The new Alternative Tentacles set is not a terribly large collection, comprising only three LPs. Really Red spent around six years together and then split up forever, fading into memory. When the label set out to restore the band's output, it was no sure thing that it was even possible. After 30 years of silence, no one was even sure exactly what remained of the band's original recordings.

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Those Really Red Reissues Really Rock

Flyer courtesy of David Ensminger/
A flyer for Empty Records' 2004 reissue of Teaching You the Fear, featured in the book Left of the Dial: Conversations With Punk Icons.
Punk rock in Houston today just makes sense, but in the late '70s, it was not exactly the place to be. As punk rock was just beginning to find its footing amid complaints from the older generation of rockers that it was all just noise, Houston had little to offer to the scene, which was exploding in places like the Bay Area.

One of a handful of bands changed that and put Houston on the map, Really Red struck a chord with young punks, capturing just about every aspect of the genre that would soon become the recipe for every successful punk band to come in their wake.

Though now largely only known by punk historians and aficionados, Alternative Tentacles -- the label run by ex-Dead Kennedys provacateur Jello Biafra -- has honored Really Red's place in punk history by reissuing their entire discography across three records: Volume One: Teaching You the Fear; Volume Two: Rest in Pain; and Volume Three: New Strings for Old Puppets. Now young and old alike can rediscover one of hardcore punk's early masters as the three-disc set finally gives them their due.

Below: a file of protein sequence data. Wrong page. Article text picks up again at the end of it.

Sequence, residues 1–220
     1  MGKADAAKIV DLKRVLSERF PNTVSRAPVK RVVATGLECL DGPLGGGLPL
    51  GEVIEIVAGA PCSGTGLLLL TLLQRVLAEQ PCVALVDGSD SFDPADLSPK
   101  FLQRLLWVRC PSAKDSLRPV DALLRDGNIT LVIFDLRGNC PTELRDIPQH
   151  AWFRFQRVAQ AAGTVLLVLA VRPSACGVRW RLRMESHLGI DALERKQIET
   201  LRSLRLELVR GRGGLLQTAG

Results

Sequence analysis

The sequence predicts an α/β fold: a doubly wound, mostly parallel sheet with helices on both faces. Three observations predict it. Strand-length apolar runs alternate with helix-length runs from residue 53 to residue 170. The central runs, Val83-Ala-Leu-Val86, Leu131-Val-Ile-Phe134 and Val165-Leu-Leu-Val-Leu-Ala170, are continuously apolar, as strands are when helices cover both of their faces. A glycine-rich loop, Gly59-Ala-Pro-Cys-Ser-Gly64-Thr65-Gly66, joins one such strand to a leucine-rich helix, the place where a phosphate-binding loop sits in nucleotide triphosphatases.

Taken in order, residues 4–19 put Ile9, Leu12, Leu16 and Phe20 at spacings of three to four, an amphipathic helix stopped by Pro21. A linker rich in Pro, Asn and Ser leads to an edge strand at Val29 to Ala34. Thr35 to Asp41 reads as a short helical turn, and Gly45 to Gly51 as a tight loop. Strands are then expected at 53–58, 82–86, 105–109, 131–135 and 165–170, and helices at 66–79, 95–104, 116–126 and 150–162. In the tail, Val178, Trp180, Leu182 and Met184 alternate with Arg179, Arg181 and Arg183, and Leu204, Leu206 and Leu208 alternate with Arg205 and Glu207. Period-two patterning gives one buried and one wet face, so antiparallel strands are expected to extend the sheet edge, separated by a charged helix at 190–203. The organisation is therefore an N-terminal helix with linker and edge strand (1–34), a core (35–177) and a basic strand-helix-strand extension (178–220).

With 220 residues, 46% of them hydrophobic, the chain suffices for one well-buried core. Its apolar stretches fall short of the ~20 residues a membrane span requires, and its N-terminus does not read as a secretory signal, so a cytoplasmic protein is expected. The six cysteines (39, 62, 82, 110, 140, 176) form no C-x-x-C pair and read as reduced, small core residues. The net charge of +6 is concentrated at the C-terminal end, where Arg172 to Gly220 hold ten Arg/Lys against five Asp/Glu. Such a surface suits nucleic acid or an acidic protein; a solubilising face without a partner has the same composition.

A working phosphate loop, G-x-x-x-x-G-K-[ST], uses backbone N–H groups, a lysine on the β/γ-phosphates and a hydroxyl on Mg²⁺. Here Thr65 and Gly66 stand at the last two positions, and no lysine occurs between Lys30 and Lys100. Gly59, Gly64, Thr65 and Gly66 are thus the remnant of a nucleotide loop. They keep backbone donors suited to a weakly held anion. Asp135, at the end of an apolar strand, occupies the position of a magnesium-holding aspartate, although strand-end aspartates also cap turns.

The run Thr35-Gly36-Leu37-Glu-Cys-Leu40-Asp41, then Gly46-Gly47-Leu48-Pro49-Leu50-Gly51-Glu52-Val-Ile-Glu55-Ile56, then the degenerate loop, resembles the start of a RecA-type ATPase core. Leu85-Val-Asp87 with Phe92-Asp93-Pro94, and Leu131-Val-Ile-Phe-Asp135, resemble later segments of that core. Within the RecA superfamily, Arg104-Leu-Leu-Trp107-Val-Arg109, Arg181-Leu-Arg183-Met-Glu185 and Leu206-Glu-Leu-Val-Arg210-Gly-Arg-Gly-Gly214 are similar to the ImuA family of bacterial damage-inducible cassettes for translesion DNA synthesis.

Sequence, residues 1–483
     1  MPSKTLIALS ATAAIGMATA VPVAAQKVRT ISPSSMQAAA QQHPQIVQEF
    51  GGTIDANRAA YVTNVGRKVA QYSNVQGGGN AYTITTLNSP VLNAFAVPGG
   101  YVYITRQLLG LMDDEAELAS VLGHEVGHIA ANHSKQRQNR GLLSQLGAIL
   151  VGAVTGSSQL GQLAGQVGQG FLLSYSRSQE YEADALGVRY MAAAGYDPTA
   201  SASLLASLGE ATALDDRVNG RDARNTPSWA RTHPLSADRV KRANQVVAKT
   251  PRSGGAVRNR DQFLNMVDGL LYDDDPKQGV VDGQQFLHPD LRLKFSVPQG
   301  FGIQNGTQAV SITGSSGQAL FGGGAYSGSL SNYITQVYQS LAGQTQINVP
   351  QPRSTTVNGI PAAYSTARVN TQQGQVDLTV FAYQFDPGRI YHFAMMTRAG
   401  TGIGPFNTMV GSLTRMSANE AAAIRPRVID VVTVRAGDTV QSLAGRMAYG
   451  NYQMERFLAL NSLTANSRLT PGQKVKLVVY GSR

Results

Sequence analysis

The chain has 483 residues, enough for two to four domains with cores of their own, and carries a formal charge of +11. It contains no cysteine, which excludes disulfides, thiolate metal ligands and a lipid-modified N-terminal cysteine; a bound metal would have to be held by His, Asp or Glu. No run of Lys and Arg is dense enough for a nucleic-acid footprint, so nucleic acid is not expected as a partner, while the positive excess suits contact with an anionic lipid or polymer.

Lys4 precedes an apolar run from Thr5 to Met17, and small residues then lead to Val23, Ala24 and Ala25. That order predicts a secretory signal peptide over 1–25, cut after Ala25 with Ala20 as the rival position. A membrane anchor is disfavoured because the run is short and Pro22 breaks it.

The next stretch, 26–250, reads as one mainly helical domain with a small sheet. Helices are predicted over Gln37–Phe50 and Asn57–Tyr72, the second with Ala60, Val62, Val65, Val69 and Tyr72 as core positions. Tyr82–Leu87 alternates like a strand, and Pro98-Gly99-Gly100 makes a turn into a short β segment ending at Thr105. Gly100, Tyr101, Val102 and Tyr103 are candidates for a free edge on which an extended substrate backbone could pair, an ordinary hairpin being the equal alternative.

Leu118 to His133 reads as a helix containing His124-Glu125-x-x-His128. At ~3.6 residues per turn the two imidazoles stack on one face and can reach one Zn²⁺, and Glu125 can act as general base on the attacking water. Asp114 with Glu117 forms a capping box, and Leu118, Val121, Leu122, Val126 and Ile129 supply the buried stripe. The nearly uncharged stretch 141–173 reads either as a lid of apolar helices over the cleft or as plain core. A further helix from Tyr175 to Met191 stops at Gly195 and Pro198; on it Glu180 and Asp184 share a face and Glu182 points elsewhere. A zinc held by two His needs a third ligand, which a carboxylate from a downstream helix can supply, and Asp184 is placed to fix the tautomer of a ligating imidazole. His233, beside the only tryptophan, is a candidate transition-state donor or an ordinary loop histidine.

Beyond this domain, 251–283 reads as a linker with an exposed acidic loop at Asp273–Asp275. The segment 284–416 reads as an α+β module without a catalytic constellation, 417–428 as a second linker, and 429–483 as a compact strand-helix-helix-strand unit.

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Jello Biafra Thinks It's Time You Re-Examined Really Red

Photo by Ben DeSoto/Courtesy of Ronnie Bond
L-R: Ronnie "U-Ron Bondage" Bond and original Dead Kennedys bassist Klaus Fluoride at Houston's The Island, c. early 1980s
Back in the early '80s, there was a kick-ass punk band in Houston called Really Red. In a lot of ways, they were no different than a hundred other groups exploring the potential of alternative rock back in the day. In their six years together, they wrote a bunch of politically charged songs, self-released a few records and toured around the country to anyplace that would have them. Then the band simply ceased to exist.

For 30 years, that was the story on Really Red, and not a terribly unique one, either. If you were around the fledgling Houston punk scene back then, chances are pretty decent that you remember Really Red. If you weren't around, then odds are good-to-great that you've never even heard their music. But you should. And now, a bonafide punk-rock legend has stepped up personally to make sure that you can.

Today, more than three decades after the band called it quits, ex-Dead Kennedys front man and beloved counterculture loudmouth Jello Biafra's storied Alternative Tentacles label is re-releasing pretty much everything Really Red ever recorded on CD and vinyl. The three-volume collection includes albums, B-sides, live cuts and unreleased rarities, most of which haven't seen the light of day since long before drummer Bob Weber, guitarist Kelly Younger, bassist John Paul Williams and singer Ronnie "U-Ron Bondage" Bond went their separate ways.

Why is AT re-releasing the catalogue of a long-gone band that so few outside Texas even remember? Well, the proof is in the pudding. Really Red were really, really good.

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Otenki Vox German Alexander's Top 5 Desert Island Discs

Categories: Local Motion

Photo by German Alexander
Here on Rocks Off, we ask local heroes for their top five absolute desert island discs, the records that made them the musicians they are today. This week; German Alexander, vocalist for Otenki.